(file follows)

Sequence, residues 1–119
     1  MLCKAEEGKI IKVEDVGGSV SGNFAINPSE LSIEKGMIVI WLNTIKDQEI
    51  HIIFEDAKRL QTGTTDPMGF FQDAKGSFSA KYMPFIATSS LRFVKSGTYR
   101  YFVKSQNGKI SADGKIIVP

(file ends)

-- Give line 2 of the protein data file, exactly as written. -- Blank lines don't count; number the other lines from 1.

     1  MLCKAEEGKI IKVEDVGGSV SGNFAINPSE LSIEKGMIVI WLNTIKDQEI